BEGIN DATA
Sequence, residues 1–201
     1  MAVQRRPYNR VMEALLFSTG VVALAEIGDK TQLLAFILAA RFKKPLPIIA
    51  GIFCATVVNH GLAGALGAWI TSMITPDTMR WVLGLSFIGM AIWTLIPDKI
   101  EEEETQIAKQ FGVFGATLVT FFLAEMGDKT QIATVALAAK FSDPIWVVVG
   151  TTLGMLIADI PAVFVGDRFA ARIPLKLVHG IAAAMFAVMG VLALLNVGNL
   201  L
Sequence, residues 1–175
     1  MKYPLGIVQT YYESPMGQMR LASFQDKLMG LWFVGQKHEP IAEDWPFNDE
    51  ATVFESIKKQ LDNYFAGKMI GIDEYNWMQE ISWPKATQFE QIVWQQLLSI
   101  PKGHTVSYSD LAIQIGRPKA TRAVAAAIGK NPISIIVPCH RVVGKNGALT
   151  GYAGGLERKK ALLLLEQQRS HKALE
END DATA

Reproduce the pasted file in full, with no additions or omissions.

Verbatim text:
Sequence, residues 1–201
     1  MAVQRRPYNR VMEALLFSTG VVALAEIGDK TQLLAFILAA RFKKPLPIIA
    51  GIFCATVVNH GLAGALGAWI TSMITPDTMR WVLGLSFIGM AIWTLIPDKI
   101  EEEETQIAKQ FGVFGATLVT FFLAEMGDKT QIATVALAAK FSDPIWVVVG
   151  TTLGMLIADI PAVFVGDRFA ARIPLKLVHG IAAAMFAVMG VLALLNVGNL
   201  L
Sequence, residues 1–175
     1  MKYPLGIVQT YYESPMGQMR LASFQDKLMG LWFVGQKHEP IAEDWPFNDE
    51  ATVFESIKKQ LDNYFAGKMI GIDEYNWMQE ISWPKATQFE QIVWQQLLSI
   101  PKGHTVSYSD LAIQIGRPKA TRAVAAAIGK NPISIIVPCH RVVGKNGALT
   151  GYAGGLERKK ALLLLEQQRS HKALE